+ Summary

[1, 4-7, 9, 14]

  • Flavonoids
    • Narcissin
    • Rutin
  • Triterpenes
    • Calendulosides A-D
  • Resins
  • Triterpenol alcohols
  • Volatile oils
    • Chlorogenic acid
  • Polysaccharides
  • Carotenoids
  • Polyacetylenes
  • Bitter substances
  • Saponins
  • Coumarins
  • Hydrocarbons
  • Fatty acids


Toxicology studies on Calendula officinalis has found the LD50 of calendula at a dose of 375 mg/kg and a LD100 of 580 mg/kg (in mice).

Shown to be non toxic during chronic administrations in mice [4]. 

High doses of calendula flower extract (0.15g/kg) in hamsters and rats have also been reported to show no toxicity [4]. 

No adverse effects expected with use during pregnancy [14].



Justin Cooke, BHSc

The Sunlight Experiment

(Updated November 2018)


Recent Blog Posts:


  1. Parente, L. M., Lino Júnior, R. D., Tresvenzol, L. M., Vinaud, M. C., De Paula, J. R., & Paulo, N. M. (2012). Wound Healing and Anti-Inflammatory Effect in Animal Models ofCalendula officinalisL. Growing in Brazil. Evidence-Based Complementary and Alternative Medicine, 2012, 1-7. doi:10.1155/2012/375671

  2. Dumenil, G., Chemli, R., and Balausard, G. (1980). Evaluation of antibacterial properties of Calendula officinalis flowers and mother homeopathic tinctures of Calendula officinalis. Ann. Pharma. Fran., 38, 493–499

  3. Varro T. (1993). The honest herbal. 3rd ed. Pharmaceutical Products Press, USA.

  4. Hoffmann, D. (2003). Medical herbalism: The science and practice of herbal medicine. Rochester, VT: Healing Arts Press. (Pg. 534-535)

  5. M. Hamburger, S. Adler, D. Baumann, A. Forg, and B. Weinreich, (2003). “Preparative purification of the major anti-inflammatory triterpenoid esters from Marigold (Calendula officinalis),” Fitoterapia, vol. 74, no. 4, pp. 328–338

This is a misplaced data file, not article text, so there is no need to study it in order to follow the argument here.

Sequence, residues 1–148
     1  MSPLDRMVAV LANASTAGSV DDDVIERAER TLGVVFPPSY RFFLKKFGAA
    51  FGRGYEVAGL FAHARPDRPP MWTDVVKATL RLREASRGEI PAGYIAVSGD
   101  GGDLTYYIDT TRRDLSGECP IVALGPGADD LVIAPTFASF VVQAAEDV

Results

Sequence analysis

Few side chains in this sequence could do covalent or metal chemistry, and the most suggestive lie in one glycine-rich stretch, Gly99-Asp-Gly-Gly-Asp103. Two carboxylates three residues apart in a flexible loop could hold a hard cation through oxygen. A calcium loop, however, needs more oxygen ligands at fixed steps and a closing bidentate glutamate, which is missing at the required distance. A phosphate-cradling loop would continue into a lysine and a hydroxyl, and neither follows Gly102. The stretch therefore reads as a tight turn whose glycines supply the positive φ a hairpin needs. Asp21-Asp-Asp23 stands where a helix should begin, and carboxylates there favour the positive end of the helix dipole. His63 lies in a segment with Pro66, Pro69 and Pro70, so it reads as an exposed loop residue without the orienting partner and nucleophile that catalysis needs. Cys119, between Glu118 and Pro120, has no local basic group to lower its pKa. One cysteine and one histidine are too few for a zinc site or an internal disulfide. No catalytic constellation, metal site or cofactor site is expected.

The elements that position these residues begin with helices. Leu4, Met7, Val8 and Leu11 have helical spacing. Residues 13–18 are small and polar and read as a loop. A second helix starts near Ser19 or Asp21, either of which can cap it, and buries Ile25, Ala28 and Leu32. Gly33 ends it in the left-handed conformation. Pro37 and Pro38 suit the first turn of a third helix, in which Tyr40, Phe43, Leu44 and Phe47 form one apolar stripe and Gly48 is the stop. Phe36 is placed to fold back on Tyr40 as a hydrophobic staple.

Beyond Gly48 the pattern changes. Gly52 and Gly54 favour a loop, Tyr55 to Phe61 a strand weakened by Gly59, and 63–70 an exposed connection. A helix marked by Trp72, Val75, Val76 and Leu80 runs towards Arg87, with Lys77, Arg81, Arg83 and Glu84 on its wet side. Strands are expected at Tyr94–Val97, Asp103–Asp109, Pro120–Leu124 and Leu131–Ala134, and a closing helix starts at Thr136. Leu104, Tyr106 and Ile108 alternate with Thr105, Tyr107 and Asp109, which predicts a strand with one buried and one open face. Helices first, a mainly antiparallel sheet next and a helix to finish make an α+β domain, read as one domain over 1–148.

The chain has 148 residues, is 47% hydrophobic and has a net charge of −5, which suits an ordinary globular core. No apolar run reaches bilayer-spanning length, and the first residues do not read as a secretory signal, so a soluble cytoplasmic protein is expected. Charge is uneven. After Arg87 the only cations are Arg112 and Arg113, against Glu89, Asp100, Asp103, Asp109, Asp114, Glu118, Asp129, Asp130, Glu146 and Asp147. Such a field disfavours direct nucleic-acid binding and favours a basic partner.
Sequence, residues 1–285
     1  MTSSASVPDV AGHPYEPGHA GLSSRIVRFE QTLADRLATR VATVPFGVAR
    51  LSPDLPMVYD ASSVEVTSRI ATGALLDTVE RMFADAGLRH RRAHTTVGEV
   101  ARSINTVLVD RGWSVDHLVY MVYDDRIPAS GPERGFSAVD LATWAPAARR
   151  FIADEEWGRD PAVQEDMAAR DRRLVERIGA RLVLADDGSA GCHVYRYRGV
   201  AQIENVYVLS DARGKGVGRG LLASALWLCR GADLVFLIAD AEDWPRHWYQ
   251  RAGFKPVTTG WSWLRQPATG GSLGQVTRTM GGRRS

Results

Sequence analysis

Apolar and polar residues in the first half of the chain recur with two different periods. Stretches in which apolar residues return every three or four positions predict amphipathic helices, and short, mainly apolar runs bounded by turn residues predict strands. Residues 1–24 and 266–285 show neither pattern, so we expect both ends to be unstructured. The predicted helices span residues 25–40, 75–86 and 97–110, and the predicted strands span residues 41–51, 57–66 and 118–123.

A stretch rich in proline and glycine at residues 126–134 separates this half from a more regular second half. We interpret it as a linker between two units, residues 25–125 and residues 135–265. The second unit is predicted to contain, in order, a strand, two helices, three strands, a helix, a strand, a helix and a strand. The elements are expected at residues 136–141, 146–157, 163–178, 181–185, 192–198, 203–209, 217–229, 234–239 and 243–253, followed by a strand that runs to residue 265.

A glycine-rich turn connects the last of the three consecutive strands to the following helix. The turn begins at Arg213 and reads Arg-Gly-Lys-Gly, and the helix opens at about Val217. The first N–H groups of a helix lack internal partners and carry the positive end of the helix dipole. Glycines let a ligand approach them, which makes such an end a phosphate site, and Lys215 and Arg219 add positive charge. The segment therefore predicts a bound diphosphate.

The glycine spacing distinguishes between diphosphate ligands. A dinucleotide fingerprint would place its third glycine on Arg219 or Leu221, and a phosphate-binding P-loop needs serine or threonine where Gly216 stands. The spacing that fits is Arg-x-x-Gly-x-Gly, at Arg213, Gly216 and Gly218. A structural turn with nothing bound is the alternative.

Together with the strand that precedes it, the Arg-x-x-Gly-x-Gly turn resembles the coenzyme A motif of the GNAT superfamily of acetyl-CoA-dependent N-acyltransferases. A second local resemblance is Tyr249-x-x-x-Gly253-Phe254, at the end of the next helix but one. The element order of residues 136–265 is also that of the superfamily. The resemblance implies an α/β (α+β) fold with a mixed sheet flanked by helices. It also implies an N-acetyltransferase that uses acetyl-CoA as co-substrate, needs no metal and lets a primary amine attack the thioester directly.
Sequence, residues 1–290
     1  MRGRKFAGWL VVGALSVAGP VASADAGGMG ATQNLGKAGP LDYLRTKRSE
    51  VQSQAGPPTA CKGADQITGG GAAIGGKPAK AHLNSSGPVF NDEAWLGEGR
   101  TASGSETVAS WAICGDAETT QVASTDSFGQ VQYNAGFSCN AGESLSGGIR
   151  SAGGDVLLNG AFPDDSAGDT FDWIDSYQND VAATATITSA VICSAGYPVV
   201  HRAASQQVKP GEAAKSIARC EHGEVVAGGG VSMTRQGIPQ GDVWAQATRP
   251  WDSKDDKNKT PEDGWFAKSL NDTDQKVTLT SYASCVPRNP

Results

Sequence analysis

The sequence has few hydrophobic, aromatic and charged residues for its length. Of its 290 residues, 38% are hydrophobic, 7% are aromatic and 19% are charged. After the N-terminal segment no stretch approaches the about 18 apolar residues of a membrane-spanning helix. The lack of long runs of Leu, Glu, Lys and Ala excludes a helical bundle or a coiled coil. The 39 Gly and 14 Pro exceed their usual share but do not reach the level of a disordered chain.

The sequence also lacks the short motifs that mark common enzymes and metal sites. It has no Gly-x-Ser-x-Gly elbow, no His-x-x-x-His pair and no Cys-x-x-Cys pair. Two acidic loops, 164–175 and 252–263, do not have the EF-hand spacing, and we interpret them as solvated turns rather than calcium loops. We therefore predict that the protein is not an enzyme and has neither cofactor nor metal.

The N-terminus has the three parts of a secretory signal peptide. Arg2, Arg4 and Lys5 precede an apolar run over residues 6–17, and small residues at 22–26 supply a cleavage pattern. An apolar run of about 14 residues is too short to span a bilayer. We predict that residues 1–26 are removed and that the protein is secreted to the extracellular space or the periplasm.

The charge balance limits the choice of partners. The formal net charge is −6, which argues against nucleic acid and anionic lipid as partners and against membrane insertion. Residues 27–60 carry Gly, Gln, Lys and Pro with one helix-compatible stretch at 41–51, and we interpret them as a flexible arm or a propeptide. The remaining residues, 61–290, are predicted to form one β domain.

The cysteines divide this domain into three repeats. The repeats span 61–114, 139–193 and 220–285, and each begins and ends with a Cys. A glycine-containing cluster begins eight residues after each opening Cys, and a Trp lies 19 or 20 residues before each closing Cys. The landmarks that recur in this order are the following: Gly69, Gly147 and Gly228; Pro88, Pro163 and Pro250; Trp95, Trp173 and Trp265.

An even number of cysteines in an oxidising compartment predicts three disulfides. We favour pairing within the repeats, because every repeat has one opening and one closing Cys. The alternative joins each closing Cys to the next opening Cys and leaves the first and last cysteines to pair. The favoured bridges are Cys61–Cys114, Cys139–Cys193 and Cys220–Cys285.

6. M. Yoshikawa, T. Mrakami, A. Kishi, T. Kageura, and H. Matsuda, (2001). “Medicinal flowers.III. Marigold (1): hipoglycemic, gastric emptying inibitory, and gastroprotective principles and new oleanane-type triterpene oligoglycosides, calendasaponins A, B, C, and D, from Egyptian Calendula officinalis,” Chemical Pharmaceutical Bulletin, vol. 49, no. 7, pp. 863–870

  7. H. Neukirch, M. D’Ambrosio, J. Dalla Via, and A. Guerriero, (2004). “Simultaneous quantitative determination of eight triterpenoid monoesters from flowers of 10 varieties of Calendulla officinalis L. and characterisation of a new triterpenoid monoester,” Phytochemical Analysis, vol. 15, no. 1, pp. 30–35

  8. Preethi, K.C., Kuttan, G., and Kuttan, (2008). R.: Antioxidant potential of Calendula officinalis flowers in vitro and in vivo. Pharmaceutical. Biol., 44(9), 691–697, 2006.

  9. Battaglia, S. (2003). The Complete Guide to Aromatherapy (2nd ed.). Brisbane, Australia: The International Centre of Holistic Aromatherapy. (Pg 313)

  10. R. Della Loggia, H. Becker, O. Isaac, and A. Tubaro, (1990). Topical Anti-Inflammatory Activity of Calendula officinalis Extracts, Planta M ́edica, vol. 56, p. 658

  11. R. Della Loggia, A. Tubaro, S. Sosa, H. Becker, S. Saar, and O. Isaac, (1994). The role of triterpenoids in the topical anti-inflammatory activity of Calendula officinalis flowers, Planta Medica, vol. 60, no. 6, pp. 516–520

  12. K. Zitterl-Eglseer, S. Sosa, J. Jurenitsch (1997). Anti-oedematous activities of the main triterpendiol esters of marigold (Calendula officinalis L.), Journal of Ethnopharmacology, vol. 57, no. 2, pp. 139–144

  13. K. Chandran, P., & Kuttan, R. (2008). Effect of Calendula officinalis Flower Extract on Acute Phase Proteins, Antioxidant Defense Mechanism and Granuloma Formation During Thermal Burns. J. Clin. Biochem. Nutr, 43(2), 58-64. doi:10.3164/jcbn.2008043

  14. Bone, K. (2003). A clinical guide to blending liquid herbs: Herbal formulations for the individual patient. Edinburgh [u.a.: Churchill Livingstone. (Pg. 120-123].